Fear of failure can be a powerful motivator to stay out in the field when it seems like everything is telling you to get out, but it doesn’t hold a candle to embracing and enjoying the journey. Early on in my hunting career when I started branching out and traveling to foreign locations in pursuit of big game, my biggest motivator was the thought of not completing what I had set out to accomplish. At the start of the hunt, that goal was usually to harvest a certain type of animal. However, my focus would typically shift to just giving it one more day for however many days I could endure, depending on how many game sightings I was having. Reflecting back on these hunts, I could plainly see these were not my happiest hunting memories. Most of the time, I was fighting a mental battle and had to keep telling myself one more ridge or one more day. I am not sure at what point I began just enjoying the time I spent in the field and trying to embrace every little moment regardless of how insignificant it might be to the overall outcome of the hunt, but it completely changed my mindset to a slowed pace and I became more aware of my surroundings. I realized how beneficial this was to my success and how easily it became to get out of bed in the mornings and not worry about what time I got back to camp at night. For the most part now, I find myself wishing for one more day and not fighting to stay one more day.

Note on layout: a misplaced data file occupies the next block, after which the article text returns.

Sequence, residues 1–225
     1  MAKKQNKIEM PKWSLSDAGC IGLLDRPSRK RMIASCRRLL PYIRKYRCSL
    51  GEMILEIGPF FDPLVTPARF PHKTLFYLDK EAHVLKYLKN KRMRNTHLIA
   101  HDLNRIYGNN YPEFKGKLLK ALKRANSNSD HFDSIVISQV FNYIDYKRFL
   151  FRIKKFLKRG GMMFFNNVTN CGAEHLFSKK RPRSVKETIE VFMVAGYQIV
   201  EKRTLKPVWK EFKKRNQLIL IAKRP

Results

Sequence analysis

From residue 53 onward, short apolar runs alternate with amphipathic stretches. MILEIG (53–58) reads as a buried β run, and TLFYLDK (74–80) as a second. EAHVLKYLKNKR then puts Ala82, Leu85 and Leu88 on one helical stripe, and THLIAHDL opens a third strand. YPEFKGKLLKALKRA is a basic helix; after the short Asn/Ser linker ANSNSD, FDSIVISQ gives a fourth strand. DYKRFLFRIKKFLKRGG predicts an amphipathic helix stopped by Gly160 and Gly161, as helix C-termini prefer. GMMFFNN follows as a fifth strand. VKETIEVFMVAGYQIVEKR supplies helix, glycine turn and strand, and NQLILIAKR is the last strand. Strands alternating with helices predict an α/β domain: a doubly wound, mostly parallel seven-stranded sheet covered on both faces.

I still have my breaking point, but for the most part, it is now the last day of the hunt or the last day I can spend on the hunt. I think most hunters who travel outside their comfort zone will experience times when they want to pull the plug and call it a day. Those times in my life were some of the biggest motivators for the next trip. It’s not a bad or weak thing to have these thoughts or succumb to them, and in my case, they eventually helped me develop the security that everything will be alright. Really, the reason I wrote this article is to let others know that whether you are planning your first solo trip, your first out-of-state hunt, or just going for your first overnighter, there will be moments when you want to give up and go home. Ultimately, you have control over the decision you make, and if you just keep making the decision to continue to put yourself out there time and time again, you should eventually get to the point where you’re wishing you had another day to enjoy the outdoors rather than willing yourself to stay for another day.